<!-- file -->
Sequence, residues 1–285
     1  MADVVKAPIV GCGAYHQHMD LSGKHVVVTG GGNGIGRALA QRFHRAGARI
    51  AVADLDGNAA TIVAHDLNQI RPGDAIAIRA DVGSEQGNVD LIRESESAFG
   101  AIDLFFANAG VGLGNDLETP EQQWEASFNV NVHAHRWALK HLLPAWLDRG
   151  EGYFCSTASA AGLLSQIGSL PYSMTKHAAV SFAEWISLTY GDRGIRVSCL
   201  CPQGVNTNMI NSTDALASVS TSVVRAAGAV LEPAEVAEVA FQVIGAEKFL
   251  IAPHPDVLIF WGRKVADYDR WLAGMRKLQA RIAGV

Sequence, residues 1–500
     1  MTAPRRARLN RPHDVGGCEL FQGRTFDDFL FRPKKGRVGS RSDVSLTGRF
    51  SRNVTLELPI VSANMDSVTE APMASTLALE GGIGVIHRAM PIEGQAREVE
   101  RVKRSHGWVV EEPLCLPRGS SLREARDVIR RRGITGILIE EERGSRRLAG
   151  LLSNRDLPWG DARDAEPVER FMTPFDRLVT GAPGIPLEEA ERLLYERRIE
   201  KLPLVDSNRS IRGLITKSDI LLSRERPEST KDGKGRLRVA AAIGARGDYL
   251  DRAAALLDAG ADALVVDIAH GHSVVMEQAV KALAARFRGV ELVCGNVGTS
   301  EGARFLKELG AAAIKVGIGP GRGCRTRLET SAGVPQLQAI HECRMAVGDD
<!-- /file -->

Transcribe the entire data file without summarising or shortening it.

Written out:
Sequence, residues 1–285
     1  MADVVKAPIV GCGAYHQHMD LSGKHVVVTG GGNGIGRALA QRFHRAGARI
    51  AVADLDGNAA TIVAHDLNQI RPGDAIAIRA DVGSEQGNVD LIRESESAFG
   101  AIDLFFANAG VGLGNDLETP EQQWEASFNV NVHAHRWALK HLLPAWLDRG
   151  EGYFCSTASA AGLLSQIGSL PYSMTKHAAV SFAEWISLTY GDRGIRVSCL
   201  CPQGVNTNMI NSTDALASVS TSVVRAAGAV LEPAEVAEVA FQVIGAEKFL
   251  IAPHPDVLIF WGRKVADYDR WLAGMRKLQA RIAGV

Sequence, residues 1–500
     1  MTAPRRARLN RPHDVGGCEL FQGRTFDDFL FRPKKGRVGS RSDVSLTGRF
    51  SRNVTLELPI VSANMDSVTE APMASTLALE GGIGVIHRAM PIEGQAREVE
   101  RVKRSHGWVV EEPLCLPRGS SLREARDVIR RRGITGILIE EERGSRRLAG
   151  LLSNRDLPWG DARDAEPVER FMTPFDRLVT GAPGIPLEEA ERLLYERRIE
   201  KLPLVDSNRS IRGLITKSDI LLSRERPEST KDGKGRLRVA AAIGARGDYL
   251  DRAAALLDAG ADALVVDIAH GHSVVMEQAV KALAARFRGV ELVCGNVGTS
   301  EGARFLKELG AAAIKVGIGP GRGCRTRLET SAGVPQLQAI HECRMAVGDD